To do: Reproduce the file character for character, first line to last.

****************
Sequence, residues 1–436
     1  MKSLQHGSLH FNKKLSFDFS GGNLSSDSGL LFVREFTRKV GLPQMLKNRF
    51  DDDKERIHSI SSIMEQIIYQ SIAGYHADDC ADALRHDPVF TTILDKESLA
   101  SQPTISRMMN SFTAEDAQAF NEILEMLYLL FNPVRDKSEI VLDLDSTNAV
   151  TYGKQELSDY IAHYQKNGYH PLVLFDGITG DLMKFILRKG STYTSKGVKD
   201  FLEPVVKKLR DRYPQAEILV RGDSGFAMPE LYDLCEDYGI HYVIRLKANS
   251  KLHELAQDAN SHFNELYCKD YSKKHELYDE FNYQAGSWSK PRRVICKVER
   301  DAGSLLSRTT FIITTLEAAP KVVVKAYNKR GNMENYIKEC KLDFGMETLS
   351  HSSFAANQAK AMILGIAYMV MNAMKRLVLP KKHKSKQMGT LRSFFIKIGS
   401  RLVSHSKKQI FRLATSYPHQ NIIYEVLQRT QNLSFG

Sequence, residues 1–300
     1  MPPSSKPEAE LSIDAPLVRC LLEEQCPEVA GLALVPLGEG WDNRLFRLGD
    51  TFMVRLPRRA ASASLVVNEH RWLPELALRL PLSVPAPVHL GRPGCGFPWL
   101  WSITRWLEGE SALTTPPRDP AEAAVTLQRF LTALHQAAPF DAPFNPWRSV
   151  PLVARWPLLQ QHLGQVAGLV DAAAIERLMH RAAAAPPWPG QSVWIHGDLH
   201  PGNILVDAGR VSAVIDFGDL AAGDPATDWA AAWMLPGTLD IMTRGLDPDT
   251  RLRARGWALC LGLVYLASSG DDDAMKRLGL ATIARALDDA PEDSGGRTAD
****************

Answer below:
Sequence, residues 1–436
     1  MKSLQHGSLH FNKKLSFDFS GGNLSSDSGL LFVREFTRKV GLPQMLKNRF
    51  DDDKERIHSI SSIMEQIIYQ SIAGYHADDC ADALRHDPVF TTILDKESLA
   101  SQPTISRMMN SFTAEDAQAF NEILEMLYLL FNPVRDKSEI VLDLDSTNAV
   151  TYGKQELSDY IAHYQKNGYH PLVLFDGITG DLMKFILRKG STYTSKGVKD
   201  FLEPVVKKLR DRYPQAEILV RGDSGFAMPE LYDLCEDYGI HYVIRLKANS
   251  KLHELAQDAN SHFNELYCKD YSKKHELYDE FNYQAGSWSK PRRVICKVER
   301  DAGSLLSRTT FIITTLEAAP KVVVKAYNKR GNMENYIKEC KLDFGMETLS
   351  HSSFAANQAK AMILGIAYMV MNAMKRLVLP KKHKSKQMGT LRSFFIKIGS
   401  RLVSHSKKQI FRLATSYPHQ NIIYEVLQRT QNLSFG

Sequence, residues 1–300
     1  MPPSSKPEAE LSIDAPLVRC LLEEQCPEVA GLALVPLGEG WDNRLFRLGD
    51  TFMVRLPRRA ASASLVVNEH RWLPELALRL PLSVPAPVHL GRPGCGFPWL
   101  WSITRWLEGE SALTTPPRDP AEAAVTLQRF LTALHQAAPF DAPFNPWRSV
   151  PLVARWPLLQ QHLGQVAGLV DAAAIERLMH RAAAAPPWPG QSVWIHGDLH
   201  PGNILVDAGR VSAVIDFGDL AAGDPATDWA AAWMLPGTLD IMTRGLDPDT
   251  RLRARGWALC LGLVYLASSG DDDAMKRLGL ATIARALDDA PEDSGGRTAD